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The Thyroid, Cholesterol Connection

Malfunctioning gland raises risk of heart disease, experts say

SUNDAY, Jan. 16, 2005 (HealthDayNews) -- High cholesterol is a well-known health problem among Americans, particularly those at risk for stroke or heart disease.

By comparison, thyroid disease is a relatively obscure ailment, with many people unable to say where the gland is and what it does.

What many people also don't know is that a malfunctioning thyroid gland can cause high and potentially deadly levels of cholesterol in the blood.

An estimated 27 million Americans have an overactive or underactive thyroid gland, but more than half remain undiagnosed, according to the American Association of Clinical Endocrinologists.

The thyroid gland is located in the middle of the lower neck, below the voice box and just above your collarbone. It is shaped like a bow tie, with two halves called "lobes" connected by an "isthmus" in the middle, according to the American Academy of Otolaryngology -- Head and Neck Surgery.

"The thyroid gland regulates the metabolic functions of the body in virtually every cell," said Dr. Carlos Hamilton, president of the American Association of Clinical Endocrinologists. "Everything from the brain to the skin is affected by the hormone made by the thyroid gland."

And if the gland goes haywire, or comes under attack from disease, the consequences can be serious.

January is Thyroid Awareness Month, and endocrinologists and other clinicians are using the occasion to educate people about the risks posed by thyroid disease.

If the thyroid gland is producing too little thyroid hormone -- a condition called hypothyroidism -- the body's metabolism starts to slow down.

That can lead to high cholesterol levels in the blood, as the lack of thyroid hormone slows the liver's ability to process blood, said Dr. Paul Jellinger, president of the American College of Endocrinology.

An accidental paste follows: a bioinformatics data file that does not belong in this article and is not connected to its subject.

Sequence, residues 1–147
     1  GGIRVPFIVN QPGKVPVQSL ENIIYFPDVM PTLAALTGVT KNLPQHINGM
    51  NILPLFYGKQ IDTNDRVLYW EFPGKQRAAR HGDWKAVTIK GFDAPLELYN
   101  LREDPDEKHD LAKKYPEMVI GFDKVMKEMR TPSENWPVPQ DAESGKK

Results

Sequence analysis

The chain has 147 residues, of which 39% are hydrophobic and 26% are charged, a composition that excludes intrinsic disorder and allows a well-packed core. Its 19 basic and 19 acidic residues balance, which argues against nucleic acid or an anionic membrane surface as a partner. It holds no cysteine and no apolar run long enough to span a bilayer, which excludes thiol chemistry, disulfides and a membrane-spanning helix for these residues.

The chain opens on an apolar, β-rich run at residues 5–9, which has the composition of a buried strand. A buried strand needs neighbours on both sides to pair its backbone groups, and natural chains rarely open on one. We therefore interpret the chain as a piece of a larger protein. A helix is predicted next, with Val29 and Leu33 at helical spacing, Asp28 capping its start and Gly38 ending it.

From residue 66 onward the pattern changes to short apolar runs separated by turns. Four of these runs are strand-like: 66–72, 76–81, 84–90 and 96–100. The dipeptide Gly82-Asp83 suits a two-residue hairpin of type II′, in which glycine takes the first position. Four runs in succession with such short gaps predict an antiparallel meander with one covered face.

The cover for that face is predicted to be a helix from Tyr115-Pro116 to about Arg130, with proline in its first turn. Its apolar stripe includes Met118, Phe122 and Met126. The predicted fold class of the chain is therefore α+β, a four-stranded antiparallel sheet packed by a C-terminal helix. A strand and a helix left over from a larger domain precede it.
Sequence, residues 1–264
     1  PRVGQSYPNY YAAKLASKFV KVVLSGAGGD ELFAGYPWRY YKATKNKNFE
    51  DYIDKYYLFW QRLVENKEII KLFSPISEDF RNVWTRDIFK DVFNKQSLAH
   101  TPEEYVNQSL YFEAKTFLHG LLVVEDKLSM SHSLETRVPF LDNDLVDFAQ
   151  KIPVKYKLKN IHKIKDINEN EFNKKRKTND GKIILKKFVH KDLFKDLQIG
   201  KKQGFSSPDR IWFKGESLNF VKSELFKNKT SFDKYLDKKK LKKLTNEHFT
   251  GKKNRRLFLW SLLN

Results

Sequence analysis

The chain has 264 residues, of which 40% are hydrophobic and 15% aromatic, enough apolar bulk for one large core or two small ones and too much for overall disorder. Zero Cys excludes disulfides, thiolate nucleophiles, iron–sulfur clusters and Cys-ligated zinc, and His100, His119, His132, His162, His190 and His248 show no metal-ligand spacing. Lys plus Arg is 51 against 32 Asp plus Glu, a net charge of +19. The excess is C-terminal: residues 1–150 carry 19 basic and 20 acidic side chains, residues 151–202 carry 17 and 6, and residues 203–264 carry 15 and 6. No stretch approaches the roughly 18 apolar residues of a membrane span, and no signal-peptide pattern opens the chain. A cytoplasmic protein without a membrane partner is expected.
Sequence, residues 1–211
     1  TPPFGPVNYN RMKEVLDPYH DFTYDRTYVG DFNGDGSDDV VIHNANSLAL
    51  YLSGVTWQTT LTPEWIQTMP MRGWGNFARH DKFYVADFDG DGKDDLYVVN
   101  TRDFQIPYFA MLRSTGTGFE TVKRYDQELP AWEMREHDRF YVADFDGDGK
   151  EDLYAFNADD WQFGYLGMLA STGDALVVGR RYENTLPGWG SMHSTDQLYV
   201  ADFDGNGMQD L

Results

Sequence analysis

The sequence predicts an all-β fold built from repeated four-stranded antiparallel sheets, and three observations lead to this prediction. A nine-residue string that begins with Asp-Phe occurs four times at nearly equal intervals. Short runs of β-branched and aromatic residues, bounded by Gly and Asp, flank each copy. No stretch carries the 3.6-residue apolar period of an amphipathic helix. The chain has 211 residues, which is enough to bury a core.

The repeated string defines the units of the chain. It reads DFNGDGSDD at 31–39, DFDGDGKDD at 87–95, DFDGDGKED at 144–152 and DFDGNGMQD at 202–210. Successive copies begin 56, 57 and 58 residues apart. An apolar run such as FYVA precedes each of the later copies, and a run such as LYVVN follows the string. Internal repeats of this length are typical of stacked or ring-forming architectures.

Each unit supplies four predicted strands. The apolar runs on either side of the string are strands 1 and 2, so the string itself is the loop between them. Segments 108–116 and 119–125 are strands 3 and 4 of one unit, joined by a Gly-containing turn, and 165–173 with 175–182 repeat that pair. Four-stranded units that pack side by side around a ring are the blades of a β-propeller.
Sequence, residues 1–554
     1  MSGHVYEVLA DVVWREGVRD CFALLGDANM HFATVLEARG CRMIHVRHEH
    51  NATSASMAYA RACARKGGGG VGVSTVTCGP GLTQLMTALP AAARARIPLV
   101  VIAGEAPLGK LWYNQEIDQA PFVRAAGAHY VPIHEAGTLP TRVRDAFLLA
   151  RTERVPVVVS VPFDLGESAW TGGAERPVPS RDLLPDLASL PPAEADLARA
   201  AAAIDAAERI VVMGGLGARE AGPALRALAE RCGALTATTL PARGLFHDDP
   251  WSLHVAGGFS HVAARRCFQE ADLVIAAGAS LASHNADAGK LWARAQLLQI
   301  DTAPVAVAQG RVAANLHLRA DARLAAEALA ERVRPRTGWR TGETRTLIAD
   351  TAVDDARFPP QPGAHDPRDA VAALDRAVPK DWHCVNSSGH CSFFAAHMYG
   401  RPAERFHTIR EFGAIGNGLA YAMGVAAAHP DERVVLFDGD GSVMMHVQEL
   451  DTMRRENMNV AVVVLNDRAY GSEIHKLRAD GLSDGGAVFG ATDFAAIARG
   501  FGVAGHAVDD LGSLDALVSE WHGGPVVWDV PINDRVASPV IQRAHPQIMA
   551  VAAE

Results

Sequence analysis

"The sponge-like activity of the liver to soak up excess cholesterol from the blood doesn't work as well as it should with low levels of thyroid," Jellinger said.

This causes an increased risk of cholesterol build-up in the arteries and around the heart, increasing the risk for heart disease.

Hypothyroidism is the most common secondary cause of high cholesterol after diet, according to the National Cholesterol Education Program.

Ninety percent of patients with hypothyroidism have increased cholesterol, and the average blood cholesterol levels of patients with an underactive thyroid are often 30 percent to 50 percent higher than desirable.

Hypothyroidism also has other effects. "It slows you down," Hamilton said. "It makes you lethargic and fatigued." Your hair becomes brittle, and your skin becomes dry. You become cold much easier than the average person.

"Everything's running on a lower gear," Jellinger said. "It's like an eight-cylinder engine running on four cylinders."

Women are far more likely to have thyroid disease. More than eight out of 10 patients with the condition are women.

Pregnant women and the elderly are particularly affected by hypothyroidism.

Nearly one of 50 women in the United States is diagnosed with hypothyroidism during pregnancy, and 5 percent to 17 percent of women are diagnosed with the condition postpartum.

The incidence of hypothyroidism also increases with age. By 60, as many as 17 percent of women and 9 percent of men have an underactive thyroid.

The good news is that high cholesterol caused by hypothyroidism is highly treatable, Jellinger said. Much of the time, thyroid patients can avoid using cholesterol-lowering drugs simply by treating their condition.

"As the thyroid abnormality becomes more intense, the ability to lower cholesterol is very striking," Jellinger said. "Often the only treatment needed to lower cholesterol is thyroid medication."

People with an overactive thyroid gland, or hyperthyroidism, also must be concerned about cholesterol.

Their condition causes a high metabolic rate that can artificially lower cholesterol levels, Jellinger said. People being treated for hyperthyroidism must watch their cholesterol levels as their metabolism returns to a normal level.

Both hyperthyroidism and hypothyroidism are easily treated through medication, said Dr. Bill Law, an endocrinologist in Knoxville, Tenn.

"One little pill a day, very inexpensive, and no side effects," Law said. "If you have to have a disease, it's a good one in terms of treatment."

The bad news is the disease is genetically influenced more than anything else, meaning there's little you can do to prevent its onset.

"Other than maintaining good nutrition, there isn't really much a person does that affects their thyroid gland," Hamilton said.

The diseases are diagnosed through a simple blood test that family physicians can perform in their office.

More information

For more on thyroid disorders, visit the National Library of Medicine.

SOURCES: Carlos Hamilton, M.D., president, American Association of Clinical Endocrinologists, Jacksonville, Fla.; Bill Law, M.D., endocrinologist, Knoxville, Tenn.; Paul Jellinger, M.D., president, American College of Endocrinology
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